Advice I was told, listened to, then ignored whilst potty training Little Bear, and was all the happier for it:
January this year, I started looking at toilet training Little Bear. I felt under a lot of pressure to make this work, and was slightly terrified about the idea of having to clean poo off the sofa and mop up endless puddles of wee, especially after becoming a nappy changing pro after the last 2 years.
I don't normally do guest posts, but when Charles Carpenter, host of the Healing Sounds blog got in touch wanting to talk about the educative power of music, I was intrigued. And I think his message is worth sharing.
Watching Little Bear's eyes get transfixed as someone plays a piano, or better still seeing his determination to play the thing himself after has always made me particularly proud.
Charles' post has prompted me to start looking for more musical opportunities for my little troll...
Little Bear has family and friends in Sweden, Germany, the Philippines and even more exotic places like ‘the north of England’. Having such a far flung crew, he’s no stranger to flying. Flying with any little bear can be as easy as a cool breeze or as turbulent and stressful as being caught in a hurricane. Getting ready for the ninth flight with Little Bear, we feel we might almost have it down. The first time we took him with us on a big trip was to the Black Forest when he was 3 months old. It was so easy, we decided that he was a great traveller, and would always just fall asleep in Pappa’s arms the whole flight and get excited about travelling on the train… Turns out, not the case as we found out on the way to Sweden. Here are some things we’ve learnt about travelling with a baby the hard way. Hope you find some of them useful, and please feel free to add yours as comments:
What a week that was. One tiny little germ causing so many problems. The first few weeks with a newborn are probably the toughest because it's all so different from what you've done before, and so exhausting. For similar reasons, caring for a sick baby is almost as tough. I jotted down a few notes for myself for when another terrible baby-bug inflicts my family again [Please add your own tips as comments!]:
Note 1: Don't assume that terrible smell is a broken sewage main. It will only lose you valuable time to change the smelliest nappy you have every come across in your life. People around you will start looking awkward and moving away. If your sick baby looks happy, you are likely to see a brown mark spreading across their baby-grow
Despite the name 'stay-at-home-parent', staying at home too long doesn't really work with an active baby. Little Bear loves his play-mat and ball-bit, but most days he (and Pappa) get a little bored and need to break free.
But lets not kid ourselves, we don't just grab keys and wallet and run for the next bus like we did pre-baby... No.
We grab milk, nappies, dummies, blanket, keys, pushchair, toys, and baby. Then we look for our shoes whilst baby wriggles out of the pushchair. We clip baby in properly following a lot of protest about the shoulder straps, then get ready to get out the front door, before a loud noise comes from the baby's nappy... We unclip baby from pushchair, missing the second bus you'd planned to get, run upstairs to change his nappy. Finish changing the baby, chuck the baby-carrier (almost forgot) under the pushchair and the baby in the pushchair. On the way to the bus, realise you forgot your wallet, etc, etc.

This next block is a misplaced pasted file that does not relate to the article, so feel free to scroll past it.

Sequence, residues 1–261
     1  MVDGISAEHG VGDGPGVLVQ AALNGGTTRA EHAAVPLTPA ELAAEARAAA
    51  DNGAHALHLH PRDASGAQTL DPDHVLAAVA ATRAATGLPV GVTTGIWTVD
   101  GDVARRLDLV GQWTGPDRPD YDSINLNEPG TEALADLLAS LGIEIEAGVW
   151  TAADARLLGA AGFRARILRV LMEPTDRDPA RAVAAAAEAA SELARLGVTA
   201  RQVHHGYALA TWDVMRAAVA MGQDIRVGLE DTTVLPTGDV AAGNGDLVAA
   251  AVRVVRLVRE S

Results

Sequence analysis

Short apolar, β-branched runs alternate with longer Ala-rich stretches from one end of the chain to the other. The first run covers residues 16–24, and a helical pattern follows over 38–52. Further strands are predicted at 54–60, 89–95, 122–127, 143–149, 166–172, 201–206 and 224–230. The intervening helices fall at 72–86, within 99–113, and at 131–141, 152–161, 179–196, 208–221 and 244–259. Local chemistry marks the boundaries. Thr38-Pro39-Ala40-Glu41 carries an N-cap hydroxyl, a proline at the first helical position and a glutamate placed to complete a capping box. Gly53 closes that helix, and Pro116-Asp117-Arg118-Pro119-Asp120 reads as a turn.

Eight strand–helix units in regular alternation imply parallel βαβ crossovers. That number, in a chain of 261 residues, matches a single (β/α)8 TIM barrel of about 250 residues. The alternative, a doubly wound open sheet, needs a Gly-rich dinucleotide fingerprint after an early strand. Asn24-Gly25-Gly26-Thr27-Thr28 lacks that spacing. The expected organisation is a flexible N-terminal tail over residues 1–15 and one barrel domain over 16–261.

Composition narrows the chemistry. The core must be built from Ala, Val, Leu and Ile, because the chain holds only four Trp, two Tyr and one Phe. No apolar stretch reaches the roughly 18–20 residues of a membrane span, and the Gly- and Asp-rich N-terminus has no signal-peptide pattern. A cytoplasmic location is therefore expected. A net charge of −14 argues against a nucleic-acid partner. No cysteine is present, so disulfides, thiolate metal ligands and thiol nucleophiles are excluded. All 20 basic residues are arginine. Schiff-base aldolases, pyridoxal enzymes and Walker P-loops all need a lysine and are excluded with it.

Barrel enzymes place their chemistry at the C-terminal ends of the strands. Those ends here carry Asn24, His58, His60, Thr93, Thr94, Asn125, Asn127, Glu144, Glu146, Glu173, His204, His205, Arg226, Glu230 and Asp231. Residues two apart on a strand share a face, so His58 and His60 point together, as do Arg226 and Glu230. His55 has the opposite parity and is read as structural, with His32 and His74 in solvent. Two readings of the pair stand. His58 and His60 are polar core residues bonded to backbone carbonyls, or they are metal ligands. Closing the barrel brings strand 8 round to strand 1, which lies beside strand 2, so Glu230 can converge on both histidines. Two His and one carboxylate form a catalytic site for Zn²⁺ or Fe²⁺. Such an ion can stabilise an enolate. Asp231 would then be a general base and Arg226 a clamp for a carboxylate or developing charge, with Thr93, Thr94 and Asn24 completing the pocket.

But despite the stress, it's worth it. Little Bear loves a good day trip. Whether it's visiting other babies and their mums (only met 1 other dad so far!), swimming, or trying something a little more adventurous like a baby-concert, another city or a museum, it's great for parent and baby to get out. But the tough stuff in a day trip doesn't stop when you finally get out the door (with your wallet).
Having learnt a few lessons the hard way, I was wondering what a parent needs to think about before they head out with the baby for a day trip. So here would be 7 tips I wish I could have given myself before I started parental leave:
But it starts getting really tough really quickly. Both getting up a dozen or so times every night to feed our wide-eyed (not yet so charming) little troll. As a warning to those who are expecting, there isn’t really anything in life that will prepare you for these first few weeks, especially if your little guy or gal has trouble with breastfeeding (ours had ‘tongue-tie’ which wasn’t diagnosed until we insisted the midwives double checked). We discovered pushy and paranoid parenting fueled by grumpy sleep deprivation was essential to helping your baby...
So if you're expecting and the baby's kicking a lot, be aware he might carry on when he's out...
The baby is still in one piece following a week of dad in charge. Hooray! It's been a pretty active week as well, despite promising myself I'd take it easy. We've met friends, been to the cinema, library, baby group and a weaning class, and finished with visiting Heaver Castle somewhere in 'the country' (outside of London). Although this outburst of daily effort may have cost me my back.
To future dads, get your back in shape before the baby arrives. You'll need it in shape more than ever before, but you'll have less time than before to ever get it into shape.
Thinking Little Bear would do well to get exposed to some culture, my sister and I took him to Heaver Castle, where Anne Boleyn grew up. Forced to leave the pushchair outside, I strapped him to my chest in the baby-carrier. Moments after entering this ten century old house, he fell asleep. Apparently not a history lover... But he did love the baby-carrier...
I'm Dave, dad of Little Bear. Also known as 'Pappa' to the little man as we try and bring out his Swedish roots